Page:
Lots of Love & Hugs, Sabine

  8. Sabine, sounds like you, like myself, may be a developed introvert- which means you can and are with people and do fine socially, but you need down time alone to recharge. I finally accepted this when I watched a workshop leader I know end a four day teaching session with more energy than she had had when she began. She is an extrovert- she GETS energy when she is with others, interacting, talking, listening. I am an introvert. I often enjoy being with others but it always costs me energy- alone time is where I recharged. (Conversely this extroverted teacher has written several books and talks about how hard the writing months are for her- because it is soliary work it costs her energy.) We are all, of course, a mix of these two aspects but when we have a sense of which way we lean for energy replenishing- and accept this (hard in a culture that highly values extroversion if you are an introvert- you can think there is something wrong or wierd about you!) it does help to just see and accept this. :-)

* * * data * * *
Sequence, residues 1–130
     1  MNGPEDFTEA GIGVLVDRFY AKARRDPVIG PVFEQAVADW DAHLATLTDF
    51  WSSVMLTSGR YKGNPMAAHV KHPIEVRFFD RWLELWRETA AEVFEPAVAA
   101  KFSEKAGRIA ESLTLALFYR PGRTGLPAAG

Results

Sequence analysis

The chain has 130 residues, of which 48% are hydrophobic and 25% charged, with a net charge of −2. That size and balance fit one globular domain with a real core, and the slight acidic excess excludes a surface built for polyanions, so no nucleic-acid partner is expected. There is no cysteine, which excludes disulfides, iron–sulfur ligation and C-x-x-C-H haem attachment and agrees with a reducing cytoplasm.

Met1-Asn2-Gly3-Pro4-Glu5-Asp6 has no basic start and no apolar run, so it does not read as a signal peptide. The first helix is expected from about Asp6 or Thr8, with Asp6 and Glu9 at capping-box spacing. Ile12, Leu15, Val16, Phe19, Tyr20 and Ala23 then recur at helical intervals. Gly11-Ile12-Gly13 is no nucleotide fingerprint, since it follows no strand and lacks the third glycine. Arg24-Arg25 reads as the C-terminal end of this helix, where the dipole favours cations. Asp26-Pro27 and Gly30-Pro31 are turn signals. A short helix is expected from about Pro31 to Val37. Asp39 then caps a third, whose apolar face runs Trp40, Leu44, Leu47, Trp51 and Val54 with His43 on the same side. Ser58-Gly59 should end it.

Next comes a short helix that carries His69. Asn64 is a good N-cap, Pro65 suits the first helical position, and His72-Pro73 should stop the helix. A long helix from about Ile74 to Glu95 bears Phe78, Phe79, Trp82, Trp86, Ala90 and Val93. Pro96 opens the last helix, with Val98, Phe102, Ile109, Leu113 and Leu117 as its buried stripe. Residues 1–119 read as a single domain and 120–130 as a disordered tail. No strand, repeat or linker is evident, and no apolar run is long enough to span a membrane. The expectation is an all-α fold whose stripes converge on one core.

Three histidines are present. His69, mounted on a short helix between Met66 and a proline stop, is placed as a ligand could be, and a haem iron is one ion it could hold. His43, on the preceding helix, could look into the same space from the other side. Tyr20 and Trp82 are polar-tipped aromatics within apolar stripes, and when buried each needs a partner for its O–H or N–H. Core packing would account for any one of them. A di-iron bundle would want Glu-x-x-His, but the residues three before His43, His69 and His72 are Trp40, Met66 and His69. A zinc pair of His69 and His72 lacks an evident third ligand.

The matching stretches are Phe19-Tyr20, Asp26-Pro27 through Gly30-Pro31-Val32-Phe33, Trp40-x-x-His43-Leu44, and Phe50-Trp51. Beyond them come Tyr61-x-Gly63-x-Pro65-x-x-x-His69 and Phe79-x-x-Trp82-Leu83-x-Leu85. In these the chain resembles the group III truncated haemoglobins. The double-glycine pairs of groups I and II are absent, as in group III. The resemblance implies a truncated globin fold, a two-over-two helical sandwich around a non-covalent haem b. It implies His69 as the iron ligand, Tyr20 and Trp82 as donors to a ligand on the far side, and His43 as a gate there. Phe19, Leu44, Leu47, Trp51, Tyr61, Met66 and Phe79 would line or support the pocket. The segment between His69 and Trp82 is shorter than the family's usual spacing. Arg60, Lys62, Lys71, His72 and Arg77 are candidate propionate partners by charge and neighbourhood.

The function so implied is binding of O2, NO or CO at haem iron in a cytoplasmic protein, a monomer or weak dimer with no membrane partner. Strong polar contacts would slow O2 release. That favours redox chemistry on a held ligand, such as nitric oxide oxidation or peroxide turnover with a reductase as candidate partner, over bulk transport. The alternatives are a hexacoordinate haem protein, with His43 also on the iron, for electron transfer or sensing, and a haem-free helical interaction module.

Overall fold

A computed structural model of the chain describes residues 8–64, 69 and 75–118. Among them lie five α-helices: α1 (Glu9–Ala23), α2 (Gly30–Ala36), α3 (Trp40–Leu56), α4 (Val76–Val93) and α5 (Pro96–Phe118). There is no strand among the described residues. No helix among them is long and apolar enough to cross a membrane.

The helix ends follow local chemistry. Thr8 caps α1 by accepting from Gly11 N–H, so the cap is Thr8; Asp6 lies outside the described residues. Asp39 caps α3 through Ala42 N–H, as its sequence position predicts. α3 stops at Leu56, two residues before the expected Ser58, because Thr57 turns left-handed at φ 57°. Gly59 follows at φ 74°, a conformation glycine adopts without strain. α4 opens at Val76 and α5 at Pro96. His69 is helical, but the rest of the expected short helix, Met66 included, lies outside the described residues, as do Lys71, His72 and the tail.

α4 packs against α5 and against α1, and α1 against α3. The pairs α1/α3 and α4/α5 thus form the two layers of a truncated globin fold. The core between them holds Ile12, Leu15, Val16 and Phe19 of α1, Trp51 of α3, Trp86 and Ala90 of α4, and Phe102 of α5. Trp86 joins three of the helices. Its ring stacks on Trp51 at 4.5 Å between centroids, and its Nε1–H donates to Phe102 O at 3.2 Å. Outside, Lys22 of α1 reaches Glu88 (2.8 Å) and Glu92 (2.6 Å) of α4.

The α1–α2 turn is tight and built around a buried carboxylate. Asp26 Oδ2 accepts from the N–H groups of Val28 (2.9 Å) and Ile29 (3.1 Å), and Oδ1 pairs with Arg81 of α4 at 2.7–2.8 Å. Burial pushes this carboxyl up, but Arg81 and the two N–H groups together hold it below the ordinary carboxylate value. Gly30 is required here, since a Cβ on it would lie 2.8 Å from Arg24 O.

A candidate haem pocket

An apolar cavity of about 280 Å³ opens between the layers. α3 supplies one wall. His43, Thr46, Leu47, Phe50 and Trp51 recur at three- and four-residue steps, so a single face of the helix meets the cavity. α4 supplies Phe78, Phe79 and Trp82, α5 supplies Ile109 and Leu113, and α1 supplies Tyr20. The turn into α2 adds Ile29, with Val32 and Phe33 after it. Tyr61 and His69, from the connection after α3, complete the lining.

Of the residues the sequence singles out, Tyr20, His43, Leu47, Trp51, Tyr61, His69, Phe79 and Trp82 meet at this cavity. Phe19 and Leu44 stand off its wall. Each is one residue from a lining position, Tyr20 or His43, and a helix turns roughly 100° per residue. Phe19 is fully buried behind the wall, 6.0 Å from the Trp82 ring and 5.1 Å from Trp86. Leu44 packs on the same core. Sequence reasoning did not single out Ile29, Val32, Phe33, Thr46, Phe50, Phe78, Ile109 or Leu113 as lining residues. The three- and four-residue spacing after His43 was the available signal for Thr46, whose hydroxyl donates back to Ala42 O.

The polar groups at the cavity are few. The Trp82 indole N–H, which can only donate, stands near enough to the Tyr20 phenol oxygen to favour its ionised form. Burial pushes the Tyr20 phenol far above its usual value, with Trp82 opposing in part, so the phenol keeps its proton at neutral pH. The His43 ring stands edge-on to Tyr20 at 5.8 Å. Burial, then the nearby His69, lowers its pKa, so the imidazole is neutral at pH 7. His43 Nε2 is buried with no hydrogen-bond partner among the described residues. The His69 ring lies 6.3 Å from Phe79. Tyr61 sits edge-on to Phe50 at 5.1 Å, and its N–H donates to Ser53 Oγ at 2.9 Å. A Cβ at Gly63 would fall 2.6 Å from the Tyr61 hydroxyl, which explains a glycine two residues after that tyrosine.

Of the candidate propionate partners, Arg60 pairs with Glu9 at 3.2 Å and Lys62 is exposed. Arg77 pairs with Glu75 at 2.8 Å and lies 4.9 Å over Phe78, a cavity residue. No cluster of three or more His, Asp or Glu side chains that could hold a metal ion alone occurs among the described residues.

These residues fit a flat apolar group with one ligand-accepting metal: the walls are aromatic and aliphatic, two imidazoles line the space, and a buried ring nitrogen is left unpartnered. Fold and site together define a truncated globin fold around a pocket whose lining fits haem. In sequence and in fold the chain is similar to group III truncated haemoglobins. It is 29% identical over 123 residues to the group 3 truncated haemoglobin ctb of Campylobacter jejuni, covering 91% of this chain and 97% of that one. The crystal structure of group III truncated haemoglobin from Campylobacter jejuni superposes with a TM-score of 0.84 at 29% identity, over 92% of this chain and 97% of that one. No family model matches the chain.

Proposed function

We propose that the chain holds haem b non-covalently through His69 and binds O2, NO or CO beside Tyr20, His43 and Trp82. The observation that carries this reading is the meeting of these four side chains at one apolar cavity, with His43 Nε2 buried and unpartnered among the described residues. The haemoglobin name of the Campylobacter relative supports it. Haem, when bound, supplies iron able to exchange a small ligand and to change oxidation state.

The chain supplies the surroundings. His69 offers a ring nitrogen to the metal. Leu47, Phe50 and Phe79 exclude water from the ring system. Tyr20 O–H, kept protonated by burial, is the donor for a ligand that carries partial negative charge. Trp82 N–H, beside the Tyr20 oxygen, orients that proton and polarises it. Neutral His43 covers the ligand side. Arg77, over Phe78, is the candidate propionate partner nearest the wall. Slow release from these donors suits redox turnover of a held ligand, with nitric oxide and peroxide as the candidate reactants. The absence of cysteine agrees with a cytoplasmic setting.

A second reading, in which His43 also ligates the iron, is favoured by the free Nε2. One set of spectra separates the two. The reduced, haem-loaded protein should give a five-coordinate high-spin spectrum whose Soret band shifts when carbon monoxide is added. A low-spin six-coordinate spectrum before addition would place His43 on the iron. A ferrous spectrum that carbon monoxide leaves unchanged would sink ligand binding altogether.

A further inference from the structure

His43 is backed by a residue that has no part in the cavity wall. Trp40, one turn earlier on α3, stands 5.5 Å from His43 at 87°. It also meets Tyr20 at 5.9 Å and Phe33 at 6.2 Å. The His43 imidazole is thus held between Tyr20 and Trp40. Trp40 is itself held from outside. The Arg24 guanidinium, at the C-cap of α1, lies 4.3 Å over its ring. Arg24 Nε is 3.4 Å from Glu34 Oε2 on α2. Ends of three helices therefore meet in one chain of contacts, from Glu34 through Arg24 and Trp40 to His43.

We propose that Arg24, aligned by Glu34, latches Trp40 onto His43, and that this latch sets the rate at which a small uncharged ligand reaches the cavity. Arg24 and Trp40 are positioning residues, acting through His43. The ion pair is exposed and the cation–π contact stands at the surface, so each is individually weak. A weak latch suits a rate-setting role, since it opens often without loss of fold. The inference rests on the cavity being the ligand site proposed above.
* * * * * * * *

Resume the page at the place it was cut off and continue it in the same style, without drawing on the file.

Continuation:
9. That was really helpful - hadn't heard the term 'developed introvert' before but it helps pierce one of my clouds of unknowing. I see hardly anyone now and it has made me acutely aware of how contact drains me. And I would certainly have been thought of as extraverted when I was 'in the world'. The paradox made me a good counsellor but also a pelican in the mythical sense.Thank you.